Rekich and Bourque

Aaron Rekich (left), the MARC's rink director, laughs with Phil Bourque, Penguins Radio Network color analyst and former Penguins player, after receiving a $50,000 grant from the Pittsburgh Penguins Foundation on Monday afternoon.

Moments after posing for the formal photo near center ice at the George S. DeArment Ice Arena on Monday, dignitaries from Meadville and Pittsburgh remained on the rink despite the chill emanating from the 19 degree surface below them. One still held the giant check that had taken center stage in the photo, and nearby Iceburgh, the penguin-suited mascot of the Pittsburgh Penguins, continued to play for the cameras.

Phil Bourque, a two-time Stanley Cup winner during his time with the Penguins in the 1980s and early ’90s and current Penguins Radio Network color analyst, remained on the carpet set up for the occasion, chatting and surveying the arena.

“This is awesome,” Bourque announced with the same enthusiasm he has brought to Penguins broadcasts for the past 15 years. “I love rinks like this.”

Hours before the Meadville Bulldogs were scheduled to skate in playoff action in the Pittsburgh area, Bourque delivered an impromptu testimonial to the House of Chills.

“I like how cold it is because I know it makes for better ice,” he said. “I like the smell of it. I like that the people who are here, even though it only holds maybe a few hundred, are right on top of you.

“It just feels like hockey.”

With the gift of $50,000 from the Pittsburgh Penguins Foundation that Bourque and others were on the ice to commemorate, the Meadville Area Recreation Complex hopes to familiarize even more youngsters with the feel of hockey at the “Rec” — a feeling that even a veteran like Bourque, who has skated on some of the NHL’s most gloried ice, still finds intoxicating.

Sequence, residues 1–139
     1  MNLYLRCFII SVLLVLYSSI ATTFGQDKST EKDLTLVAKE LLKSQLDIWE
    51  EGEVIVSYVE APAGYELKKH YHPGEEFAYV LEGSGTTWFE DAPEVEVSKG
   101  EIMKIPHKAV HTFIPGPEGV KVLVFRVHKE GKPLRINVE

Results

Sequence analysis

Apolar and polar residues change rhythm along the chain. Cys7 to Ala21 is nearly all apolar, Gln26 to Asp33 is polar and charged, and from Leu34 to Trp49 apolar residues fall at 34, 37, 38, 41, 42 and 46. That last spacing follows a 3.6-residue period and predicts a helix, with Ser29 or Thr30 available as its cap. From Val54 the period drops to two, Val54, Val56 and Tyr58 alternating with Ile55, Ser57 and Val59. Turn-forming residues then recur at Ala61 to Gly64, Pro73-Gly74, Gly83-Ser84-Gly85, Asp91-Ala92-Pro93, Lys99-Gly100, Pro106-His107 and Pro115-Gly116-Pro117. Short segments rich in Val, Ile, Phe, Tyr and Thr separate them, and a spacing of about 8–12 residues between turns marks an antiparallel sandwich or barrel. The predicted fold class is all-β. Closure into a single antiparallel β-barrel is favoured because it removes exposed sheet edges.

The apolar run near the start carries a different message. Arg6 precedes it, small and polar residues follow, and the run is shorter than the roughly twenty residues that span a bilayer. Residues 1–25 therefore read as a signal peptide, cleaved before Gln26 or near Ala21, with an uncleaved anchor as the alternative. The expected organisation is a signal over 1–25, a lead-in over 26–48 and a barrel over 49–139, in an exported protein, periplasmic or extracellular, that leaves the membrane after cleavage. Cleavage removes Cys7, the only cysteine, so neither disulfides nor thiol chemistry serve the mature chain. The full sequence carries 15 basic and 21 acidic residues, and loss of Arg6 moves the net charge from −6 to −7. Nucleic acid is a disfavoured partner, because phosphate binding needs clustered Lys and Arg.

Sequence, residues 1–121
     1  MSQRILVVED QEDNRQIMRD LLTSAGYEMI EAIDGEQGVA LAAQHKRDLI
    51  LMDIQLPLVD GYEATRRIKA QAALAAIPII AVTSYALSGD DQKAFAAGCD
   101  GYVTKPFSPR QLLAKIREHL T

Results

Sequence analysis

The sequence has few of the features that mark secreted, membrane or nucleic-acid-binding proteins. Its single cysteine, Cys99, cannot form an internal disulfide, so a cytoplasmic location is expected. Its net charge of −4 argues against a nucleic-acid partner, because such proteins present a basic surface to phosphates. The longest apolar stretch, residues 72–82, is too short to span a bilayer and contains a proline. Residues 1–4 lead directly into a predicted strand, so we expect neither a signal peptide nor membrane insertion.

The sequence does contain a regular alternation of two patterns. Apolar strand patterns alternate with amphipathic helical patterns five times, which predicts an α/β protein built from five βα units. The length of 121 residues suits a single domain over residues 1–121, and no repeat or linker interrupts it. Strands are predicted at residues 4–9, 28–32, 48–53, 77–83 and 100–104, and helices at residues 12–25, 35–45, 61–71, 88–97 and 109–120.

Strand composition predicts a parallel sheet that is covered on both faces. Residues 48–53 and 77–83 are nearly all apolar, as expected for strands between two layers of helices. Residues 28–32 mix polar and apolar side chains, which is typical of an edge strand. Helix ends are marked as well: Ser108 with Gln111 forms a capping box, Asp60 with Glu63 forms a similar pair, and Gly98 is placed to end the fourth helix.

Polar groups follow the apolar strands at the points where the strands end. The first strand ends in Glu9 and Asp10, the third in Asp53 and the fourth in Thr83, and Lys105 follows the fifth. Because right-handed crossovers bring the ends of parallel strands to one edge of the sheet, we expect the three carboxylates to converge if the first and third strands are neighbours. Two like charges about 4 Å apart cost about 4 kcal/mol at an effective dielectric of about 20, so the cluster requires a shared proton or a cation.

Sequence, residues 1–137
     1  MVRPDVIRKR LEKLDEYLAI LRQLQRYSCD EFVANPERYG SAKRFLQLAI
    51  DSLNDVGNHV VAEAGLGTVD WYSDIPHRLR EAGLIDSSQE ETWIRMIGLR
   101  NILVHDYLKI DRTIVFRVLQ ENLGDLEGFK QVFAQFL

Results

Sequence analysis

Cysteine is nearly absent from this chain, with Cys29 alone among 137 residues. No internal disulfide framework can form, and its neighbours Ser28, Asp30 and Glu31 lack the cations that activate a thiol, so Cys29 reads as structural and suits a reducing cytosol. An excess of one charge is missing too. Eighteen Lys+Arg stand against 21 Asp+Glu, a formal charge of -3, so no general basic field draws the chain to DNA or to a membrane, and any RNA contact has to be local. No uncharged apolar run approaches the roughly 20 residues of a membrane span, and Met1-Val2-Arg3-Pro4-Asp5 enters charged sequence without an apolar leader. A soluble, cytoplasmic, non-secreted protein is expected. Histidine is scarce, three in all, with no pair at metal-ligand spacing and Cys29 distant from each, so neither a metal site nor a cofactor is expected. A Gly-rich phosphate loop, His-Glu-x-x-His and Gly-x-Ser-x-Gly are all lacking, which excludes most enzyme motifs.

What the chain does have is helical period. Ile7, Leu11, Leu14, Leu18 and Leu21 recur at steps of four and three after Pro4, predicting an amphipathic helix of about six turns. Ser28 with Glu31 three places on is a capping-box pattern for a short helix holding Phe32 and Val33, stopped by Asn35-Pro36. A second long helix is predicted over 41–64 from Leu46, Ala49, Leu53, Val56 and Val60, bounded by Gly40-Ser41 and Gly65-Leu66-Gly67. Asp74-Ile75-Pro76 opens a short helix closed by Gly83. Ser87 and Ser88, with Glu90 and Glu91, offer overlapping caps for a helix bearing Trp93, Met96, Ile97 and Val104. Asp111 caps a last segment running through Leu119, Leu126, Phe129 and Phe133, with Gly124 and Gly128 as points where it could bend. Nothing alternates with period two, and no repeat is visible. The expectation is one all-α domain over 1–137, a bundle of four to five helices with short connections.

Iceburgh, the mascot of the Pittsburgh Penguins, goofs around with the $50,000 check that was presented to the Meadville Area Recreation Complex from the Pittsburgh Penguins Foundation on Monday afternoon.

The grant to the MARC’s foundation will support the expansion of the youth programming at the facility, according to Rink Director Aaron Rekich.

Funds for the program are raised through 50/50 raffles held at each Penguins home game. Twice a year, proceeds are donated to organizations that share the mission of the Penguins Foundation. The money donated to the MARC’s foundation represents part of this year’s award.

More hockey camps and clinics will be part of the expansion, including the Little Penguins program Rekich introduced this season. Rekich also hopes to arrange more visits from professional players with the Erie Otters as well as the Penguins, he said.

“We want to get kids excited, maybe get them an autograph,” Rekich said, “and get Meadville excited about a little bit of hockey.”

Near the top of the list of priorities for expansion of the MARC’s hockey program is a new ice resurfacer.

“If our (ice resurfacer) goes down, we’re out of business,” said Jay Verno, a member of the MARC’s foundation board and former president of the authority that oversees the facility.

The grant from the Penguins Foundation comes as the MARC’s foundation is about to launch a letter writing campaign to support the purchase of a new ice resurfacer. The MARC’s present machine was acquired used in 1997 and dates back to 1986, Rekich said. A new resurfacer is likely to cost about $125,000.

The MARC, and the DeArment Ice Arena in particular, are coming off a string of fundraising successes that included winning a state grant of $200,000 in 2017 to support new ice-chilling equipment. A campaign to raise the additional $200,000 needed for the chillers exceeded expectations in 2018, raising $230,000.

“There’s still lots of work to be done,” said Ryan DeArment, vice chair of MARC’s foundation and grandnephew of the man whose name adorns the arena, “but we’ve come a long way in the last four years.”

Mike Crowley can be reached at 724-6370 or by email at

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